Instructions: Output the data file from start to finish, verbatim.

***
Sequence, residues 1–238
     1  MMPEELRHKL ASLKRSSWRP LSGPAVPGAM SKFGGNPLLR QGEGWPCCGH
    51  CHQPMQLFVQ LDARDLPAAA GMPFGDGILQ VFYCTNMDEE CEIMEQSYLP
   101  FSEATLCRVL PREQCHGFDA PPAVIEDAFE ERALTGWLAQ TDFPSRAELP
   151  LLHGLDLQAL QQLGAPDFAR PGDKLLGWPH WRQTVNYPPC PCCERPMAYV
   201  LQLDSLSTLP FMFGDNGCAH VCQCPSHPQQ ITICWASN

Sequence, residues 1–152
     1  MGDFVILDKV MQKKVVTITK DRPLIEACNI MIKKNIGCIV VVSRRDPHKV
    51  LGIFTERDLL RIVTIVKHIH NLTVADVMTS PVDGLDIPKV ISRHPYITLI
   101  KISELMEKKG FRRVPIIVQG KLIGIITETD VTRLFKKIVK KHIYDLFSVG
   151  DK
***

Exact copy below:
Sequence, residues 1–238
     1  MMPEELRHKL ASLKRSSWRP LSGPAVPGAM SKFGGNPLLR QGEGWPCCGH
    51  CHQPMQLFVQ LDARDLPAAA GMPFGDGILQ VFYCTNMDEE CEIMEQSYLP
   101  FSEATLCRVL PREQCHGFDA PPAVIEDAFE ERALTGWLAQ TDFPSRAELP
   151  LLHGLDLQAL QQLGAPDFAR PGDKLLGWPH WRQTVNYPPC PCCERPMAYV
   201  LQLDSLSTLP FMFGDNGCAH VCQCPSHPQQ ITICWASN

Sequence, residues 1–152
     1  MGDFVILDKV MQKKVVTITK DRPLIEACNI MIKKNIGCIV VVSRRDPHKV
    51  LGIFTERDLL RIVTIVKHIH NLTVADVMTS PVDGLDIPKV ISRHPYITLI
   101  KISELMEKKG FRRVPIIVQG KLIGIITETD VTRLFKKIVK KHIYDLFSVG
   151  DK